Clearly, contemporary trotskyite policies in relation to national liberation movements have many affinities with those of the “left” revisionists in both Havana and Peking.

The enthusiastic support of international trotskyism for “Fidelism” has long been noted. Listeners to Radio Peking will know that this radio station – under the control of the faction headed by Mao Tse-tung – has quoted with approval from “Red Flag”, the organ of the “Revolutionary Workers’ Party (Trotskyist)”, the British Section of the “Fourth International”.

And, on its side, the “Revolutionary Workers’ Party (Trotskyist)” congratulates the faction in China headed by Mao Tse-tung on having broken with “Stalinism” – that is, with Marxism-Leninism – and having embraced trotskyism. The trotskyites speak of the “cultural revolution” as “the political revolution in China” and describe its character in the demagogic phrases used by the counter-revolutionary faction headed by Mao Tse-tung as “a struggle against conservative tendencies”.

They therefore urge full and unconditional support for the “cultural revolution” and for the faction headed by Mao Tse-tung.

A report of the “Fourth International” urges trotskyites to assist in the formation of “pro-Chinese” groups. The primary strategic aim behind this policy is declared to be that of using these groups to build a united front between the trotskyites and the counterrevolutionary faction in China headed by Mao Tse-tung, under the leadership of the latter.

It is difficult for any honest Comrade who has had any experience of the disruptive role of trotskyism to retain any illusions about the character of “Maoism” and “Fidelism” when the “Fourth International” describes “the workers’ states of China and Cuba” as “the centres of the world revolution.”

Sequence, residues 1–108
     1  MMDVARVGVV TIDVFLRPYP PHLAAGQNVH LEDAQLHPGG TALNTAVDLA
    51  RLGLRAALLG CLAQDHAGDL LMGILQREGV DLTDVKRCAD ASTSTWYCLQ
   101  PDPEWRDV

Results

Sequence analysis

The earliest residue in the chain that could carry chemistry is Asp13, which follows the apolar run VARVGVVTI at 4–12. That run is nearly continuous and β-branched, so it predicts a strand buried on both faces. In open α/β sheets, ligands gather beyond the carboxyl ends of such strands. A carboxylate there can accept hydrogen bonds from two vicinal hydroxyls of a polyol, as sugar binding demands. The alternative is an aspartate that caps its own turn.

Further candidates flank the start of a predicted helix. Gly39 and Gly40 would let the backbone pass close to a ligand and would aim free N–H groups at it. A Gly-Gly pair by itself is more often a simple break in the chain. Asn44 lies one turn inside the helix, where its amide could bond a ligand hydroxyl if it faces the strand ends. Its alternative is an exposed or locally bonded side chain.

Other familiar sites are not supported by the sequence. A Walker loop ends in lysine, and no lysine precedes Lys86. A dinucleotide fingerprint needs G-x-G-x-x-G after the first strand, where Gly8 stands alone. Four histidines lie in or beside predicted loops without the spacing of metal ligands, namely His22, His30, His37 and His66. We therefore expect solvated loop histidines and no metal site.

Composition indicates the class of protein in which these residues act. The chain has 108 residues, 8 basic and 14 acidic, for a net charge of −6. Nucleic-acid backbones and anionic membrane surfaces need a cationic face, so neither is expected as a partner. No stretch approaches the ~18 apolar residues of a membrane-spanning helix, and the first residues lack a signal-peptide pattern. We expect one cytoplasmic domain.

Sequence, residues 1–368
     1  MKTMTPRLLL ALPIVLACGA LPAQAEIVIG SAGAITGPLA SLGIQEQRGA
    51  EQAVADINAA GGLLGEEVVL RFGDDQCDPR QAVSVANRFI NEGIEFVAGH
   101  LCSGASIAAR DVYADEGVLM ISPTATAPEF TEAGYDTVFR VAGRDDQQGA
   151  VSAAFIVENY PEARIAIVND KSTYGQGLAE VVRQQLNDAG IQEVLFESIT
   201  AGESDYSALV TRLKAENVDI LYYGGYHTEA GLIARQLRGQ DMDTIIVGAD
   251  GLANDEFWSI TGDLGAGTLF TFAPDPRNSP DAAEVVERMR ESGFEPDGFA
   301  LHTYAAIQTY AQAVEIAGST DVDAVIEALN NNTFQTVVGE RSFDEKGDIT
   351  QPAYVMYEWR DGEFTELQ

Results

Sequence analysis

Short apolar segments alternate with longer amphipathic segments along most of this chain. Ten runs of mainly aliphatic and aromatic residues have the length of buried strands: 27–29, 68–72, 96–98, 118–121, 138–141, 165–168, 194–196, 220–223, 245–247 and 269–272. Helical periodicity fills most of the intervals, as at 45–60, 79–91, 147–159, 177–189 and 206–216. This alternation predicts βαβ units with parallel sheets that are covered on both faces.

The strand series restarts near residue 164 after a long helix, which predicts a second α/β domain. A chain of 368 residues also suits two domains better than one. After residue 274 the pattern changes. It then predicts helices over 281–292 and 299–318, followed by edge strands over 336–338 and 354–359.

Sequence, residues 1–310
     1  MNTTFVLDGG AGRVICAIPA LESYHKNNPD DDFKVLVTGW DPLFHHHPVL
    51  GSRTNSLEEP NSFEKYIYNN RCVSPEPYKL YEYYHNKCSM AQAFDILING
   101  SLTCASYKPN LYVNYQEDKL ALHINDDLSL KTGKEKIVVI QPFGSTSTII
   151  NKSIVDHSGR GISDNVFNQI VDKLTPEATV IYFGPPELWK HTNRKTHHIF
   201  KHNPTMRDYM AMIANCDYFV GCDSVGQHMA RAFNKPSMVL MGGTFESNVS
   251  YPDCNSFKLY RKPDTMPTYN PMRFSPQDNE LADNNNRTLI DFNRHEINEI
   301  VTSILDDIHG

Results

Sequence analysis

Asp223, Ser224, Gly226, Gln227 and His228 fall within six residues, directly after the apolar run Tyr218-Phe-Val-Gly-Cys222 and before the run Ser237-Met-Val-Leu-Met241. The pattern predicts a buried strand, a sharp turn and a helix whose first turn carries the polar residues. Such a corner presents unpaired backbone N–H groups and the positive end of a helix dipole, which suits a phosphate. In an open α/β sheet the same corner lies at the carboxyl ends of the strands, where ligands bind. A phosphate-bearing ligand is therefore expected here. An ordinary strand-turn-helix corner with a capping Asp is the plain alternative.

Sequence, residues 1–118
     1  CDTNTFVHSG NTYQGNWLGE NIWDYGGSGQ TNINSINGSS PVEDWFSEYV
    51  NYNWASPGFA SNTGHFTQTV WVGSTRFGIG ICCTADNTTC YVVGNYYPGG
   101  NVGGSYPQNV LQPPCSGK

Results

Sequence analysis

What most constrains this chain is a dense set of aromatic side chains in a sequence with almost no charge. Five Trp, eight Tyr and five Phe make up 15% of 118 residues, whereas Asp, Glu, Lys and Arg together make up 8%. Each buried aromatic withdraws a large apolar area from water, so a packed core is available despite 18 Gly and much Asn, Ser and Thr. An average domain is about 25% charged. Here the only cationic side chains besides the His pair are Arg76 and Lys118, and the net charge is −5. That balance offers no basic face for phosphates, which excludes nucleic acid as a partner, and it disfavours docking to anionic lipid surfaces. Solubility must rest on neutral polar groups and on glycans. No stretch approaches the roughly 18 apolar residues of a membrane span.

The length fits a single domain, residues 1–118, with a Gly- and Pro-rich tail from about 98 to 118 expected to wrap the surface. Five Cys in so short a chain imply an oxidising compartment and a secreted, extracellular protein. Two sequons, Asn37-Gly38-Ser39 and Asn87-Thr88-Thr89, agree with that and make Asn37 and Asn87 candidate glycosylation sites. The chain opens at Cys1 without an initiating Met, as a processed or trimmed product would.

The world proletarian forces learn from their defeats as well as from their victories. The unleashing of counter-revolution in China by the treacherous revisionist faction headed by Mao Tse-tung has called forth its opposite: the forces of socialist revolution.

Similarly, on a world scale, the developing Marxist-Leninist Parties and Organisations will learn, as we have done, from their own experience of the role of the two world revisionist centres and will respond to the situation by building a new centre of proletarian-socialist revolution founded on the only correct basis: proletarian internationalism.

Proletarian internationalism is the key to victory in both anti-imperialist struggle and socialist revolution; we must now consider how this proletarian internationalism can be given concrete organisational form.

Marxism established long ago the truth that the proletariat – the dispossessed, exploited and oppressed class of the final and most antagonistic form of class society that the history of mankind has produced – possesses, in the last analysis, nothing but its capacity to organise for class struggle and socialist revolution. It is for this reason that the proletariat, armed with the invincible scientific theory of Marxism-Leninism as its guide, has developed vanguard parties, mass organisations and –in some countries, state organizations – of a more complex and highly integrated character than any in the previous history of class struggle. It is for this reason that the political and ideological representatives of the bourgeoisie ceaselessly pursue their attempts to disrupt, disperse and destroy these organs of struggle of the proletariat. At moments in history when objective conditions favour the growth and forward movement of the world proletarian-socialist revolution, the international bourgeoisie –headed today by the most ferocious state system of exploitation, oppression and aggression that capitalism has yet produced, United States imperialism – intensifies its counter-revolutionary activity on all fronts, and in particular its efforts to penetrate the ranks of the working class movements of all countries and their Marxist-Leninist vanguard parties.